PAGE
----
Five takeaways from the 2020 Supply Chain and Sustainability Summit

Five takeaways from the 2020 Supply Chain and Sustainability Summit

Supply chain leaders offered their experiences and insights for driving positive change during a pandemic and beyond.

“There is nothing more satisfying than driving positive change,” said John Caltagirone, founding director of the Loyola Business Leadership Hub, as part of his opening remarks at the 2020 Supply Chain and Sustainability Summit.

Held in October 2020, the virtual summit featured speakers from companies including Allstate, Zurich, Duracell, and Gebrüder Weiss USA. They explored social good through business, future-proofing supply chains, sustainability, and more.

During the summit, Caltagirone announced a new name for the center hosting the event: the Supply and Value Chain Center is now the Supply Chain and Sustainability Center. The new name reflects the increased importance of sustainability, particularly in supply chain.

Key takeaways

Five key takeaways emerged during the Supply Chain and Sustainability Summit:

1. Actions towards common good benefit everyone

Business in action can be a force for good, said keynote speaker Cheryl Harris from Allstate. Examples of impactful priorities are sustainability, supplier diversity, and diversity and inclusion initiatives.

“In business, we can all come together to deliver value with each other and for each other,” said Harris. “Each of us has an opportunity to make tomorrow better than yesterday and better than today.”

2. Embracing change brings opportunities for improvement

Disruptions like the COVID-19 pandemic are challenging, but also opportunities to strengthen business processes. Ed Tymick from Ciena shared how his company is using the pandemic as a lessons-learned opportunity to test the robustness of its business continuity plan.

Daniela Hendricks from Gebrüder Weiss encourages us to “invest in a paperless work process and teach employees how to leverage technology, it provides more flexibility when a crisis occurs.”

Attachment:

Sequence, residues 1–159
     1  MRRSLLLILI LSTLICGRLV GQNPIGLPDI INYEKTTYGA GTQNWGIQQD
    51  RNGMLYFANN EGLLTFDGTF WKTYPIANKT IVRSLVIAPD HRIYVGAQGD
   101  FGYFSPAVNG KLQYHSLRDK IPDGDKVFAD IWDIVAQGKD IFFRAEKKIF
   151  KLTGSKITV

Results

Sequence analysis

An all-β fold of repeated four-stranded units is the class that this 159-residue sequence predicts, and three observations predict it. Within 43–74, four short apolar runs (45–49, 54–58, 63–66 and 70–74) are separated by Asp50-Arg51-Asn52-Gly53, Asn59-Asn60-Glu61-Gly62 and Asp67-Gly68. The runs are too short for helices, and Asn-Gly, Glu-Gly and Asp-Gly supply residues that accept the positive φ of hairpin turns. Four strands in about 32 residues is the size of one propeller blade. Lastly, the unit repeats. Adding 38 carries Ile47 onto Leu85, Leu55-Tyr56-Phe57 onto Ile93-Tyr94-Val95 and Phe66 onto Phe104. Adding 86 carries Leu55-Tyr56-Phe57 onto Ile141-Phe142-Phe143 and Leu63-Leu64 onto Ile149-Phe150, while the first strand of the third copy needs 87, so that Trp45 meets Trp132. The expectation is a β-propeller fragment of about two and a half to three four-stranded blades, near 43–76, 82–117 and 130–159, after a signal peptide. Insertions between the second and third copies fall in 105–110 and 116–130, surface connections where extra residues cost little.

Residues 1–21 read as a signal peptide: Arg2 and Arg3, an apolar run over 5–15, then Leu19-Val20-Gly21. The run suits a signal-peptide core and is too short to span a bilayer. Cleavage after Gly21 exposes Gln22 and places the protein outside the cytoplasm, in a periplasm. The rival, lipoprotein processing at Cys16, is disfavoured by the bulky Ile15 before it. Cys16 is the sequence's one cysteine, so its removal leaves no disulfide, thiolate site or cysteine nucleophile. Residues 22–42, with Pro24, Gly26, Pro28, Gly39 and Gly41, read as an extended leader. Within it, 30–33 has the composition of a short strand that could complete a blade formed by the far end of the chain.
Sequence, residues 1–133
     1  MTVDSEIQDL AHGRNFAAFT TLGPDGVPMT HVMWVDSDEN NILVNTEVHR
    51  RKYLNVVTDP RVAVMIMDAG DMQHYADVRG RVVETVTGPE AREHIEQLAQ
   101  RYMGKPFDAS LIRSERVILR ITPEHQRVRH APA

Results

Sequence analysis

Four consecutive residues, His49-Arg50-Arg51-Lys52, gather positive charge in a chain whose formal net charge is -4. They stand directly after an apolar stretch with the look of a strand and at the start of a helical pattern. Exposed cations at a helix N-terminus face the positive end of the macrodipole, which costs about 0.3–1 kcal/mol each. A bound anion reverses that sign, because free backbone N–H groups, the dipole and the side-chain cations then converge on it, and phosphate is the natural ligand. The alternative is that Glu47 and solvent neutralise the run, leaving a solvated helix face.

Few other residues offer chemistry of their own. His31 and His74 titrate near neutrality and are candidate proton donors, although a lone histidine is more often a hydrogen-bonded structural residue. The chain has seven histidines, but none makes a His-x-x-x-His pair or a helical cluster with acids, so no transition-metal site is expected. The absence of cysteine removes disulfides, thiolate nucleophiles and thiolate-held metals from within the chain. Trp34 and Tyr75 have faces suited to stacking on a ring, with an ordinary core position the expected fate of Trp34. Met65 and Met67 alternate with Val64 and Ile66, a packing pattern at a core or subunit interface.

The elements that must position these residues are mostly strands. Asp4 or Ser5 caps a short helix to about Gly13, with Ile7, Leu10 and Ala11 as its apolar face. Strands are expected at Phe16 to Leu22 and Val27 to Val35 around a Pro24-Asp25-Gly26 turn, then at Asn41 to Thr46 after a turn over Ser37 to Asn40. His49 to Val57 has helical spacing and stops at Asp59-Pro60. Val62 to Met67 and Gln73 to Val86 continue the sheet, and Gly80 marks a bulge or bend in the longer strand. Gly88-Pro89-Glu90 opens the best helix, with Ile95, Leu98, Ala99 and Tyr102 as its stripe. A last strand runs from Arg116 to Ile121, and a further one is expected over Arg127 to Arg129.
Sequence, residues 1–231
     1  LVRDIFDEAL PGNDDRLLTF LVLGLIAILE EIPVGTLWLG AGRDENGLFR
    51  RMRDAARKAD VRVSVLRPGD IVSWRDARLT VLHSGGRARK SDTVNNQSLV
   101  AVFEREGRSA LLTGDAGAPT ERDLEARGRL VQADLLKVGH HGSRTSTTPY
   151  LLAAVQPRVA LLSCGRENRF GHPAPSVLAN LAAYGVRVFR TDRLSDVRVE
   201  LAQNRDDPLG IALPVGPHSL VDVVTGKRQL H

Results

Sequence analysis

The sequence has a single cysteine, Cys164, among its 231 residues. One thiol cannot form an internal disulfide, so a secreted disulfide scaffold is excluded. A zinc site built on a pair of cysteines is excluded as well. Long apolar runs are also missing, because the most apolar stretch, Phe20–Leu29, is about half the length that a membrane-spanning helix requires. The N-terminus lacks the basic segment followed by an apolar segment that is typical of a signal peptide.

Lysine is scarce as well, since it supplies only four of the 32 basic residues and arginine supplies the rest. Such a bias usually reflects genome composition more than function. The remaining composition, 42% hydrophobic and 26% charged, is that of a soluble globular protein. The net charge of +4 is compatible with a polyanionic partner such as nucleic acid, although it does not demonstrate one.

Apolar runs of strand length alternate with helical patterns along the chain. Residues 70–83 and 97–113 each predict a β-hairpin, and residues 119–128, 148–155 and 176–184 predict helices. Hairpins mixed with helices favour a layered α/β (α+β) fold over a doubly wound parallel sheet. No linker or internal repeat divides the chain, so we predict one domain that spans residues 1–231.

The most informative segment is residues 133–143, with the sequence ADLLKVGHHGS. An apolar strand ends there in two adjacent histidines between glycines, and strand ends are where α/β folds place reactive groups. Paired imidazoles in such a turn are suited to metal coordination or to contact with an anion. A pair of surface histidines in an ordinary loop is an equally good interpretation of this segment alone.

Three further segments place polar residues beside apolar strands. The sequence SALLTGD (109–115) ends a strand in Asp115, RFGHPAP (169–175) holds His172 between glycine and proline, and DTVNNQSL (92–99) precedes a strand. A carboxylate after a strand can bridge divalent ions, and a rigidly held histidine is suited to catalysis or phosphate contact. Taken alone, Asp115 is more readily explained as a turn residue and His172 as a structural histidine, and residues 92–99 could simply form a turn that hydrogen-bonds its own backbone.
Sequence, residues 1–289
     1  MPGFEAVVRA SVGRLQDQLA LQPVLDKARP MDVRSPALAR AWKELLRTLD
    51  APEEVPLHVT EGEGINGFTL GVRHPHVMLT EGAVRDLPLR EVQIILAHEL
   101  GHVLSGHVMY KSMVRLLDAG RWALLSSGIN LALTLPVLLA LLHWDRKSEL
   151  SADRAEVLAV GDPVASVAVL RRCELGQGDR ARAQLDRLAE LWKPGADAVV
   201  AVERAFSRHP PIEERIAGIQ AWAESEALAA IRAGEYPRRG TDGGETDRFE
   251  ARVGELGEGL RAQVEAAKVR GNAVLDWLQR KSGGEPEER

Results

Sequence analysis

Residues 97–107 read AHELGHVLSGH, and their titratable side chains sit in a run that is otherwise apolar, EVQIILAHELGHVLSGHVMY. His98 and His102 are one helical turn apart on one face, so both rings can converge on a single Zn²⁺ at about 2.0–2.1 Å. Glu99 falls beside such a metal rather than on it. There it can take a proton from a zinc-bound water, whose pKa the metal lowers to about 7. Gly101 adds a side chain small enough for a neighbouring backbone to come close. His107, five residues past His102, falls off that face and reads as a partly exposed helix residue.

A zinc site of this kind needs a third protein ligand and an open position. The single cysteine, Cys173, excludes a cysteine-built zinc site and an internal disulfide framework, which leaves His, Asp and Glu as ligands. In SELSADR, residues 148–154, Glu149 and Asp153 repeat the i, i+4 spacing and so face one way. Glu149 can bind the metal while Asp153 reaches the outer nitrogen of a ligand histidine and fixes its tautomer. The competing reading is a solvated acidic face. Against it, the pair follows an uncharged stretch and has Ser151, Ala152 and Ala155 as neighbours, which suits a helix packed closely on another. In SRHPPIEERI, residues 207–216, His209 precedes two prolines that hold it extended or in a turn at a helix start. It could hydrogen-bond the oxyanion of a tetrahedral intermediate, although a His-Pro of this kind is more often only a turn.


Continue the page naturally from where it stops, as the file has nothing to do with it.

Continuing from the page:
3. Attracting talent requires addressing personal and professional development needs

Demand for supply chain professional is at an all-time high, and industry, academia, and associations all have roles to play in the retention and recruitment of talent. Technology training and third-party partnerships that develop employment pipelines can help close the employment gap.

“Education and awareness for the workforce to constantly evolve in their career field serve as a baseline for career advancement opportunities,” said LaTonya Armstrong from Olive-Harvey College-City Colleges of Chicago.

4. Sustainability is creativity

Supply chains and sustainability have never been more closely tied, with consumers today demanding more from their supply chains. You can find “supply chain value integration by asking how something valuable can become more useful” past its life cycle, said Dave Foell of Return Polymers Inc.

As more companies start asking how they can divert from landfills and find value within their systems, Foell encouraged them to not be afraid to ask questions. Ryan Hartz from AZEK Company noted that it takes the full commitment and creativity of a company to finding solutions for diverting from landfills.

5. Empathy is a driver for growth and development

Ensuring your employees feel supported and work from home collaboratively is not a one-size-fits-all solution. As moderator Katherine Jeffery from KJ Consulting noted, five generations are currently in the workforce, all with different perspectives, needs, and priorities.

“Remember people are not monolithic,” said Liz Walker from Marsh. Conversations around differences within generational, racial, and gender backgrounds can yield opportunities to be more understanding and realize our similarities. These are opportunities for authenticity, active listening, and empathy.

Supply Chain Management Awards

Four outstanding alumni of Loyola’s supply chain degree programs were recognized and presented with awards for their contributions to Loyola’s supply chain program and to industry. Rising Star awardee Hussam Bachour (MBA, MSSCM ’16) credited Loyola faculty and staff for enabling his achievements and noted that pursuing purpose in his career has helped him succeed in a challenging and changing world. See all the winners →

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